“Be careful for nothing; but in everything by prayer and supplication with thanksgiving let your requests be made known unto God” (Philippians 4:6).

Thursday, December 24, 2015


The devil seemed to sense impatience in John the Baptist as he was being held in prison before his death. Impatience is the inability to wait or bear afflictions calmly. And when we grow impatient with God—eager to receive answers from Him—and we mix impatience with faith, our attitude in prayer becomes a “strange incense” to the Lord. It fills our being, His temple, with a noxious odor. And instead of sending up a sweet-smelling incense of prayer, we exude a foul smell. Satan picks up this scent quickly.

Impatient believers are offended when they see God working miracles all around them but not in their lives. They’re offended at what they believe is God’s slowness to answer them, and over time they feel neglected and imprisoned. Hebrews tells us such impatience is a form of spiritual laziness: “Be not slothful, but followers of them who through faith and patience inherit the promises” (Hebrews 6:12). We are instructed to follow Abraham’s example: “After he had patiently endured, he obtained the promise” (6:15).

Scripture also tells us that “the Word of God tried [Joseph]” (see Psalm 105:17-19). Likewise today, God’s promises can try us at times, and if we don’t add patience to our faith during these trials, we’ll end up being offended at God. Proverbs 18:19 states, “A brother offended is harder to be won than a strong city: and their contentions are like the bars of a castle.” The Hebrew word for offended as used here means to “break away, apostatize.” In other words, when we’re offended by God, there is a danger of spinning out of faith completely. And the longer we hold on to our offense, the harder it becomes to break through our prison bars of unbelief.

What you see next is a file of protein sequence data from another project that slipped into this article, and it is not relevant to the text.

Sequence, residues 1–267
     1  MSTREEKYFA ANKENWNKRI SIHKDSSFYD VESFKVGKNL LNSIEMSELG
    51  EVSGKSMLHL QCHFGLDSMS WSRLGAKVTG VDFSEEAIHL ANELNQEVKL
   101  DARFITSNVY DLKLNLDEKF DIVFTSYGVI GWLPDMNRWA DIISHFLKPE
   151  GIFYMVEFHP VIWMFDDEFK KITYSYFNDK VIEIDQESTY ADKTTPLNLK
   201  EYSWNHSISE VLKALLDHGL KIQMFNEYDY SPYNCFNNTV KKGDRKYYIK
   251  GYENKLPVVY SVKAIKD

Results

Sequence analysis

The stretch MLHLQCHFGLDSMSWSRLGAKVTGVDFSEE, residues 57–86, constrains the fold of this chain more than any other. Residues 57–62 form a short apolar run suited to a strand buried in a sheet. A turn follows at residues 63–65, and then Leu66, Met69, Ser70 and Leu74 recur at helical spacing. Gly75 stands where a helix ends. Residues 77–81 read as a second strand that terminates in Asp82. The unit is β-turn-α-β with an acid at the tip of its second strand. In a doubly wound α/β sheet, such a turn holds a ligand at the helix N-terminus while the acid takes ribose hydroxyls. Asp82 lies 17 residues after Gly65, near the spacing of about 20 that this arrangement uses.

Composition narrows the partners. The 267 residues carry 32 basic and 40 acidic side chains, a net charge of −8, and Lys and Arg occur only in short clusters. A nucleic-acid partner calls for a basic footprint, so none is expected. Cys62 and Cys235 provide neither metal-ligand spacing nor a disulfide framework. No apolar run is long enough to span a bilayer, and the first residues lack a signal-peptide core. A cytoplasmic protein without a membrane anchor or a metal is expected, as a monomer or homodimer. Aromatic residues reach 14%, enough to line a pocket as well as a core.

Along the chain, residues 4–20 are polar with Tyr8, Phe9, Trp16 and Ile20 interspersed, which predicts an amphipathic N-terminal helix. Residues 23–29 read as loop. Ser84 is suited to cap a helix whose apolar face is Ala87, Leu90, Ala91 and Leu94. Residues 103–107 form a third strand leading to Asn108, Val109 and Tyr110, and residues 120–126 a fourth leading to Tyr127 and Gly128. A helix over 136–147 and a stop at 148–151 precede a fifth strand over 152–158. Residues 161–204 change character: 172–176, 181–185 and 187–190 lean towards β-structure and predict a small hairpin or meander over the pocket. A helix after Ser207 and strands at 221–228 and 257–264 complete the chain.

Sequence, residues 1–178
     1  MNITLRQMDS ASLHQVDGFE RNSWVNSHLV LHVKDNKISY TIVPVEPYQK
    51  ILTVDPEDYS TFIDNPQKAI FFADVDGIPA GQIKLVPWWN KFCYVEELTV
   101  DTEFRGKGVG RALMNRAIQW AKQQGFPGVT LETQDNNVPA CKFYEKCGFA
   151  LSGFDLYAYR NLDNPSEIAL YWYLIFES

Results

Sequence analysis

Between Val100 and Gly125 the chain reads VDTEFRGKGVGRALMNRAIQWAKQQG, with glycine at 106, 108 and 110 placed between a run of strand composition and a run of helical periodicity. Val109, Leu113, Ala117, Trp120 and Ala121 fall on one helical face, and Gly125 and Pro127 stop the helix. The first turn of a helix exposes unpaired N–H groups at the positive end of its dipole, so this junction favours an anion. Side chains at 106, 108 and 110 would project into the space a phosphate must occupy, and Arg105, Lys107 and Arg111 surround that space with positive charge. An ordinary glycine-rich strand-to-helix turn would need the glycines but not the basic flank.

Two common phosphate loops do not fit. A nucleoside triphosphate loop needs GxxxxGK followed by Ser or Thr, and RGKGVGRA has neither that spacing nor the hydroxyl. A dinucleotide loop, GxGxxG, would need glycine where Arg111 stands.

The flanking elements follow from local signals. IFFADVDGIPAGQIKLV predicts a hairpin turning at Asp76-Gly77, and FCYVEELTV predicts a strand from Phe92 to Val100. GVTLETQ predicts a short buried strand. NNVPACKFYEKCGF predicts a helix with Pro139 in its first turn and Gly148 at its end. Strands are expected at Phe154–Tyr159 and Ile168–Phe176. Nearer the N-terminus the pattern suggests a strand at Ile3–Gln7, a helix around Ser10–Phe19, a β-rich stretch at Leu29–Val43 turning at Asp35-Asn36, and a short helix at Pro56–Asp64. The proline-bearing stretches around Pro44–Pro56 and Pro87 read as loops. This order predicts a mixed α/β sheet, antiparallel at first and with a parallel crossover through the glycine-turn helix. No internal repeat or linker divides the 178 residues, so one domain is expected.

Yet James 1:2–4 gives us the cure: “My brethren, count it all joy when ye fall into divers temptations; knowing this, that the trying of your faith worketh patience. But let patience have her perfect work, that ye may be perfect and entire, wanting nothing.”

Wednesday, December 23, 2015


Jesus exposed one of the enemy’s biggest methods of causing God’s people to stumble when He spoke this message to John: “Blessed is he, whosoever shall not be offended in me” (Matthew 11:6). The word for offended in Greek means “entrap, trip up, ensnare.” I believe Jesus was tenderly warning John, “You ask Me if I’m the One you have claimed I am. John, can’t you see what is happening here? Satan isn’t trying to get to Me, he is setting a trap for you through that question.”

Christ had been through the same test Himself during His forty days in the wilderness. And now He was telling John, “The devil is setting you up, trying to ensnare you. But you can’t entertain his lies. He says I’m not who I claim to be but you must not fall into this satanic trap.”

Let me ask you: What do you think is at stake in Jesus’ phrase, “offended in me”? What makes these three words so powerful? It’s that Jesus knew the consequences for John if he gave in to Satan’s lie. He knew what would happen if this godly man began to doubt who he was in Christ.

You see, all Satan had to do was trick John into speaking three words—three words that would quickly undo all the prophecies that had been delivered centuries before. All the good that God had accomplished in and through John would be undone. And the faith of untold multitudes, including generations to come, would be shipwrecked. What were the three words that Satan wanted John to utter? “I have regrets!”

The word “regret” means “distress over unfulfilled expectations.” To regret is to say, “My hopes have not been met.” In short, it is a statement that refutes one’s own faith.